–Sometimes companies are dysfunctional.  Internal political fiefdoms get created, preventing cash flows generated by operations from being reinvested sensibly.  Sometimes, companies are clueless about where their profits come from, so that some parts run horribly sub-optimally in order to make other parts look good.  This was the concept behind the activist interest in J C Penney–that the retail operations were being propped up by the property division, which was collecting below-market rents to the department stores.  The idea was to fix the retail and then break up the company into retail and real estate parts.

I once studied a publicly traded, family owned department store in Hong Kong.  I found the stores I visited to be completely unappealing, with dated merchandise at high prices–and stronger competitors a short walk away.  Yet the company, which owned all the property where its stores were located,  made a hefty profit each year.  How could that be?  When I began to work out how much rent the locations would command from third parties, I realized that profits would easily be 50% higher if the firm shuttered its stores and simply rented the properties to other.  But that would have meant that all of the relatives  who “worked” in retail would be out of jobs.  So the idea was a non-starter.

In most instances, management is unlikely to disturb the status quo without being educated/forced by outside parties.  That’s where the activists come in.

Sometimes activism doesn’t work, however.  That topic on Monday.

thinking about big integrated oils

hedge funds attacking Big Oil?

Over the weekend I read a blog post (which I can no longer find) in the Financial Times pointing out that activist investors are getting set to attack the large integrated oils.

Why?  

They persist in investing in massive long-term, risky, low-return oil exploration and development projects.  It’s what they do.  In the view of the hedge funds, this makes no sense.  The oils would be better off finding better things to do with their cash flow, returning it to shareholders if nothing else.

I doubt that this will happen   ..not that hedge funds may not try to change oil company investing plans, but I don’t think they’ll be successful.

Big Oil is important in developed countries because the companies spend a ton of money securing access to petroleum.  Nations are heavily dependent on oil to fuel industry.  The oil firms get huge tax breaks for finding and developing oil deposits because these nations are heavily dependent on oil to fuel commerce and for heating.  This is especially true in the US, which is unique among richer nations in not responding to the oil shocks of the 1970s by taxing oil to control consumption.  We do this to support our globally non-competitive, but politically powerful, auto industry (most of which went bankrupt in the Great Recession anyway).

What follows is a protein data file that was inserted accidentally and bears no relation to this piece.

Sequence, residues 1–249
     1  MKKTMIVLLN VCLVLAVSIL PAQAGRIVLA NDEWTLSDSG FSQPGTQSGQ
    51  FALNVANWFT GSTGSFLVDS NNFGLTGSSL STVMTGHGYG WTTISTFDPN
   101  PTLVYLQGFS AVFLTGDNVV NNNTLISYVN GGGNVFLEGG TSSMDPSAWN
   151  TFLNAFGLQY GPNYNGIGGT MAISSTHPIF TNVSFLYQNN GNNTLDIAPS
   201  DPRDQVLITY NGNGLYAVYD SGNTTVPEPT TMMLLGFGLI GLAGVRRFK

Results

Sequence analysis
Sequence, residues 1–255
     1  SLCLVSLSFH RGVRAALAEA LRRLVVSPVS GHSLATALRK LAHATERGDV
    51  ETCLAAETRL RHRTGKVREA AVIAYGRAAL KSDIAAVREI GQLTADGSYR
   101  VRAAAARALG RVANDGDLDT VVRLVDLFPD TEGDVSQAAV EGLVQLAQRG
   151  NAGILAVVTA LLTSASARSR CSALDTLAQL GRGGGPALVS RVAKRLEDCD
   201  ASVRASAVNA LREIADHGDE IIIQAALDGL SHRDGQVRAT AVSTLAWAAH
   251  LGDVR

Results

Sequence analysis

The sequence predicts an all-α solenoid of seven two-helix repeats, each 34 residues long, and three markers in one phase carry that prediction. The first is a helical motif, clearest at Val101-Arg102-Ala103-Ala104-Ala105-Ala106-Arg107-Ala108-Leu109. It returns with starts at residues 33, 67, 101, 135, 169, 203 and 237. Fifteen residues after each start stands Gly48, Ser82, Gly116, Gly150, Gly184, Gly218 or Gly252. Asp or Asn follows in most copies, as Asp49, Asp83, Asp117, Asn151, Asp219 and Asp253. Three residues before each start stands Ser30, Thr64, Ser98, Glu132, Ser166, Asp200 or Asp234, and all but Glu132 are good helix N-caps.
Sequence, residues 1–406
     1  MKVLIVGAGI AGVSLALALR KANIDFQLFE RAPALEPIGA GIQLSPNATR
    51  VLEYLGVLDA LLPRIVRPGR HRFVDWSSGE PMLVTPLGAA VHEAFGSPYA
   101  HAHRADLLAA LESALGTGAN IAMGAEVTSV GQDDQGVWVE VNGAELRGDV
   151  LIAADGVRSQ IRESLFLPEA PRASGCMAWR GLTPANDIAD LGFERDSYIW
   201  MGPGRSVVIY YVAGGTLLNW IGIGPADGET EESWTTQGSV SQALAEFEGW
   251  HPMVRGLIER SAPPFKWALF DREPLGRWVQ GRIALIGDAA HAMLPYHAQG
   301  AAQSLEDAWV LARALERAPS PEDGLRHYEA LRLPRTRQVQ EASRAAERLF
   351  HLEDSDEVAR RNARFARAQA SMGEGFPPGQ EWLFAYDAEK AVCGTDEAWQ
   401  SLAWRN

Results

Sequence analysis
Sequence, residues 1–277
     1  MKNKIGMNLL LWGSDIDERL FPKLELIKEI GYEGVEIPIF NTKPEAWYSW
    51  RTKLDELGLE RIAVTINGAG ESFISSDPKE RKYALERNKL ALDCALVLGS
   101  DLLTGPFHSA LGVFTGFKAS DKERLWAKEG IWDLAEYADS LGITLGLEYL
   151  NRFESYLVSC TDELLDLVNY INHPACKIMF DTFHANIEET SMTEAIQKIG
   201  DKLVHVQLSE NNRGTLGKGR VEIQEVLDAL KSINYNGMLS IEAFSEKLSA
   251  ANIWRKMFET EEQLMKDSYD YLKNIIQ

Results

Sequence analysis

Given the strategic importance of oil,

why are the returns to oil exploration low?

A generation ago, they weren’t.  Drilling took place mainly in the developed world, often on parcels leased to the driller by the government.    The landowner got an initial payment plus a modest percentage of any finds.  Projects that made good economic sense when oil sold for $7 a barrel are bonanzas today.  Big Oil got most of that.

In contrast, major exploratory drilling today is done in emerging economies, where the big untapped pools of oil are.  But ever since the first nationalizations of drilling projects in the Middle East in the 1970s showed how one-sidedly favorable production agreements were to the oil majors, terms have been tilted much more heavily toward the host nations.  Today’s production agreements provide little more than a specified return on capital to the oil explorer.  Price hike windfalls go to the host, not the big oil.

In the face of less favorable economics,

why continue to drill?

Three reasons:

–it’s still profitable

–it’s what the oils do best.  The last round of oil company diversifications, admittedly a long time  ago, were unmitigated disasters, and

–the home countries of the major oils need a steady supply of oil to keep industry humming and citizens warm in winter.

It’s this third reason that I don’t think activists see.   

At some point, shale oil may change the situation.  Even so, I figure it would be politically unacceptable for any big integrated to dismantle, or even substantially curtail, its exploration and development efforts.  The worry would be that in times of shot supply, oil would go solely to project developers.  In fact, Asian countries are concerned about this possibility that they’ve designated their big oils as “national champions,” whose job is to secure oils supplies for the home country.  Profits are secondary.

I don’t think Washington, or London, or Paris would allow its oil exploration firms to drop out of the race, even if short-term economic returns to the companies and their shareholders might be better if they did so.